Sunday, 15 September 2013

Targeting retinal thinning may hold promise for Neuroprotection studies

Feng L, Shen J, Jin X, Li J, Li Y.The Evaluation of the Retinal Nerve Fiber Layer in Multiple Sclerosis with Special-Domain Optical Coherence Tomography.Ophthalmologica. 2013 Sep. [Epub ahead of print]

Background/Aims: Retinal nerve fiber layer (RNFL) thinning has been observed on histopathology and time-domain optical coherence tomography in many diseases of the central nervous system. In this study, with a higher resolution of spectral-domain optical coherence tomography (SDOCT), we detected RNFL changes in patients with multiple sclerosis (MS) in China, and compared RNFL thickness between eyes with and without optic neuritis (ON). Methods: In this retrospective, nonrandom case study, the patients were recruited from the Affiliated Sir Run Run Shaw Hospital of Zhejiang University. RNFL thickness was measured for each eye using SDOCT. The controls were recruited from the healthy population. Results: Peripapillary RNFL thickness of 24 eyes in 12 patients was detected by SDOCT. The average RNFL thickness of the MS patients was 81.9 ± 17.8 µm compared to the control value of 102.1 ± 8.1 µm (p = 0.00). The average RNFL of the patients with a history of ON was thinner than that of patients without ON (71.8 ± 19.2 µm vs. 92.0 ± 8.5 µm, p = 0.001). Conclusion: The RNFL thinning in Chinese patients with MS can be detected by SDOCT. The SDOCT scan represents a high-resolution, objective, noninvasive and easily quantifiable in vivo biomarker of MS

So it is clear that the retina of Msers is thinning compared to non-MSers and there is more thinning if the MSer had a history of MS. This study in Chinese MSers confirms that which has been found in North American and european MSers. This is due to nerve damage in the optic nerve tracking back into the eye. So targeting the visual pathway to look for neuroprotective drugs seems a good idea and this is being done as we speak in a few different trials

4 comments:

  1. I asked this question last month, but did not get an answer. Does retinal thinning occur in patients with high myopia? If so, can we assume that the study was done on people with the same optical prescription.

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  2. According to the web-High myopia may cause thinning and weakening of the retina (the thin membrane at the back of the eye that contains the rods and cones). Abnormal stretching or elongation of the eye may pull on the vitreous (the gel substance that fills the eye) which in turn pulls on the retina leading to its detachment.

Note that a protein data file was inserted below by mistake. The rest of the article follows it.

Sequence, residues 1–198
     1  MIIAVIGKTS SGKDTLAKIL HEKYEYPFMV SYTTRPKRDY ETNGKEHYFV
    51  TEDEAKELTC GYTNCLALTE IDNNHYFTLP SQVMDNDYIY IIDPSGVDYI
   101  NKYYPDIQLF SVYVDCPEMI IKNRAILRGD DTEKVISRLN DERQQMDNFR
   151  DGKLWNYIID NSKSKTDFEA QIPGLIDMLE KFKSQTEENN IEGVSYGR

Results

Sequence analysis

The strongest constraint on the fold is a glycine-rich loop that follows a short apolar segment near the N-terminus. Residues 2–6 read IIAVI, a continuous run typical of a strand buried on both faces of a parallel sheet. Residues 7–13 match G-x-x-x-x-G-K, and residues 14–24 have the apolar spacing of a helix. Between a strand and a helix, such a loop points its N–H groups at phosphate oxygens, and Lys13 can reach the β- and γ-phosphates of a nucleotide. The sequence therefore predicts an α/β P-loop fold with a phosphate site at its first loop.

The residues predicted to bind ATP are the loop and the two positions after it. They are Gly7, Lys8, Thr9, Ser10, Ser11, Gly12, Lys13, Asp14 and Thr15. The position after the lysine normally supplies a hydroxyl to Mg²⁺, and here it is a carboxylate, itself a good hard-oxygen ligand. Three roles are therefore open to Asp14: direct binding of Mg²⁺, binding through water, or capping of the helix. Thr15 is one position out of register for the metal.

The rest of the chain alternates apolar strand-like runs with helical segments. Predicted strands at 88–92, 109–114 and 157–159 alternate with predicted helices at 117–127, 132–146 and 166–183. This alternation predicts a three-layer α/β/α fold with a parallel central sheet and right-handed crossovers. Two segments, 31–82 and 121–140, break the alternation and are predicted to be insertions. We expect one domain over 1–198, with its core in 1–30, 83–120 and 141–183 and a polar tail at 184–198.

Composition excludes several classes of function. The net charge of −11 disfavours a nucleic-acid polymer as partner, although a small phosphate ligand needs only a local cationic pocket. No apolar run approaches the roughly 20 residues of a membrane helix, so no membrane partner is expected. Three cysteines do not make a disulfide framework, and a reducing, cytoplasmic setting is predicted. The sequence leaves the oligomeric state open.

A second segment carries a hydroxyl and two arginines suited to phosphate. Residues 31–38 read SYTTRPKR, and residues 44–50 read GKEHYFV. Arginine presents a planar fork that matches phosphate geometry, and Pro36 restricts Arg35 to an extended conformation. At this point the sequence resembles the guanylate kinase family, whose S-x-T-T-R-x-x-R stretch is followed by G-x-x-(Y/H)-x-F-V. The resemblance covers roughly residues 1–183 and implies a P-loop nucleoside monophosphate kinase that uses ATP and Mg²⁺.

However whether this is the retinal nerve fibre layer compared to the photoreceptors I would need more reading. However I would suspect that the study was not done on people with the same optical prescription, but I do not have the paper to hand. But a good questions

    The problem in MS is not thought to be coming from the eye but from the optic nerve, the effects of die back from the optic nerve.

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  3. Thank you. The nurse photographed my retina twice, because she thought the machine wasn't working, as my retina is so thin. I was led to believe this was due to my myopia. I've always had pale discs, but this is the first time I've heard of the link with optic neuritis. This was a referral from my Optician, not a neurology clinic.

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  4. According to people at NIH, they are hopeful that this technique will be a sensitive measurement of progression. We need something better than EDSS, timed walks, etc. A big problem with SP/PPMS trials is finding a good, fast way to measure progression. If you need 5 years to follow progression in patients, that's a really expensive trial and means slow development of drug therapies for neuroprotection. Lots of work to do here.

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